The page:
However, even the negative anima/animus symbols hold the possibility for being healthy and good. They can guide you in where you might need some character development. They can inform you in where to take care as you get to know yourself, perhaps where you need to put in boundaries for yourself or evaluate your motives.

For example, quite a few of the characters on the list I made were either people who used power to protect the less fortunate or power to revenge the privileged. Thus, I know that my animus can help me in my activism and fight for social justice…or he could use oppression as an excuse to become an abuser himself. I have that choice, and knowing my animus allows me to consciously and actively do something about that choice.

Identifying the personality as well as the potential expressions of the personality for your anima/animus is the most important step, but you don’t have to stop there. If you wish to go further and get to know your anima/animus individually rather than just as a group of symbols, you can do some active imagination with your anima/animus.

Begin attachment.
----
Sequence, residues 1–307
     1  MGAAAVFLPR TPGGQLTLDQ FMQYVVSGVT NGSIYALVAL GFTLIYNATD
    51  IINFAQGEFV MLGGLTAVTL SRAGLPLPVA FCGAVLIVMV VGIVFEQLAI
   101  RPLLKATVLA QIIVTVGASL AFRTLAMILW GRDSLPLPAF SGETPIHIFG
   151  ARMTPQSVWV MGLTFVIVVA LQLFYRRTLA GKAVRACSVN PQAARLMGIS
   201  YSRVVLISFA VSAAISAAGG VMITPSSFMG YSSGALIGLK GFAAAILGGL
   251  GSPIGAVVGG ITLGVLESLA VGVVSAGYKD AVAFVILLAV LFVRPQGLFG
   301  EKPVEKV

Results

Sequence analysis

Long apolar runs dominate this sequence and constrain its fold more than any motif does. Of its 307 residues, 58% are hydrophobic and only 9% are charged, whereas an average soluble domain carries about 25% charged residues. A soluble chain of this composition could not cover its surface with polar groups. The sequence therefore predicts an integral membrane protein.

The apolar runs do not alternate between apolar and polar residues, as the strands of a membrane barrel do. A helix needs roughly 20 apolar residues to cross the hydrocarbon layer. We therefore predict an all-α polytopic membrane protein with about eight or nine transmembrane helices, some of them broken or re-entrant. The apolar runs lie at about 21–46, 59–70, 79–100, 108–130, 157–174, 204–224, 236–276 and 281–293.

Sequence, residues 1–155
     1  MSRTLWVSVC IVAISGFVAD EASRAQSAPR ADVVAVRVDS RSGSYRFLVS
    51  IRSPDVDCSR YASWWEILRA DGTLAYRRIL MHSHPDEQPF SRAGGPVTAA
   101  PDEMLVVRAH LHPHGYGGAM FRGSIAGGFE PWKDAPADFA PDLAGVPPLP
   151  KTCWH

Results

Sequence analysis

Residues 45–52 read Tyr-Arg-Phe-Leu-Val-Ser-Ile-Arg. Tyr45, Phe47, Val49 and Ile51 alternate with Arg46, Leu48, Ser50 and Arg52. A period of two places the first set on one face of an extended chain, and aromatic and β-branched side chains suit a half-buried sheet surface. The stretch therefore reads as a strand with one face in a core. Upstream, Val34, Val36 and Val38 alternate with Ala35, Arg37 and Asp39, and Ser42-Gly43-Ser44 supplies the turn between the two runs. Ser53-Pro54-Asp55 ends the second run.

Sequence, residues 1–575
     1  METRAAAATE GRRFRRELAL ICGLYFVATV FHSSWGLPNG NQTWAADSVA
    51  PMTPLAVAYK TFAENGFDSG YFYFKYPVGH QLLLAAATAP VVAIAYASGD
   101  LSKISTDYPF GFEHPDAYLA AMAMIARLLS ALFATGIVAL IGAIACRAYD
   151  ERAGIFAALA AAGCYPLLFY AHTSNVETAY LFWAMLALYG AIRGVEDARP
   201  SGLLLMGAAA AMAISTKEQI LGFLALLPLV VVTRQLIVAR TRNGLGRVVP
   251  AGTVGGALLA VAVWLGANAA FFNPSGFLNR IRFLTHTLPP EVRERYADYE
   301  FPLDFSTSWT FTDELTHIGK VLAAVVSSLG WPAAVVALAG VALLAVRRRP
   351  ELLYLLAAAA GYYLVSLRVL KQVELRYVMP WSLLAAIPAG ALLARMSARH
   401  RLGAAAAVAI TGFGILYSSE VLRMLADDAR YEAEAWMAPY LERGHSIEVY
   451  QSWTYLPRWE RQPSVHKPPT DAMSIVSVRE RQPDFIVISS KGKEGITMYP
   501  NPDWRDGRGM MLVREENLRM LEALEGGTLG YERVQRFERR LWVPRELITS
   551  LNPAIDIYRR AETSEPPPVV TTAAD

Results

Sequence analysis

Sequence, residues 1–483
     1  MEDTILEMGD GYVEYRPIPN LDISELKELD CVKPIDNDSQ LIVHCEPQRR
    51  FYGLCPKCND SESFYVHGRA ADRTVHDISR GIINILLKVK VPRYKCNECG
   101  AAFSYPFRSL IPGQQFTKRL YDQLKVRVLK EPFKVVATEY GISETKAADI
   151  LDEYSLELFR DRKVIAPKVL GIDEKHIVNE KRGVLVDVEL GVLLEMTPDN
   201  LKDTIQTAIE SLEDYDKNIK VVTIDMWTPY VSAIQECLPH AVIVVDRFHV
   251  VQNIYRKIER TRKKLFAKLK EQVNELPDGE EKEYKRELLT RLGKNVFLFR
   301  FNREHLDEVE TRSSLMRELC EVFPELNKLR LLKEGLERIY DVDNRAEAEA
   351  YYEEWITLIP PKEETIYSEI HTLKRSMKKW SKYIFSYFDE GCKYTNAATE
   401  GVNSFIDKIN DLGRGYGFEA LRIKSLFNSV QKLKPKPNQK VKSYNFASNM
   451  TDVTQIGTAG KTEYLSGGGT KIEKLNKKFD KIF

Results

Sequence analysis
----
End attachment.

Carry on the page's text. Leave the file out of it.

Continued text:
It’s a little like meditation, but instead of sitting there without much purpose other than breathing and noticing, you invite your anima/animus to visit with you. Balancing between allowing your mind to go where it wants and directing it towards your purpose, you can interact with your anima/animus in a sort of lucid-dream-like meditative journey.

Don’t feel too distressed if your anima/animus doesn’t show up right away. It takes time to be active in your journey without your conscious mind interfering too much. If you haven’t done much work with intuition before, it might be easier to start by exercising your intuition with a less specific goal may be helpful.

This has been one of my favorite and most rewarding journeys. I hope that if you take this journey in bringing your anima/animus to consciousness that you will find it as rewarding as I have.

Quick note regarding queer individuals. Much of the language for the anima/animus theory is pretty hetero/cisnormative. I have tried to avoid language that “boxes in”and leave it more open. I have a fairly strong dominant feminine side, and my animus presents as masculine even though I’m not solely attracted to men. However, I wouldn’t presume to be versed enough in the theory or in queer experience of the theory to propose how other LGBT+ individuals may find this expressed for themselves. I am open to feedback and welcome hearing the stories of queer individuals who may have done work with their shadow side/non-dominant side.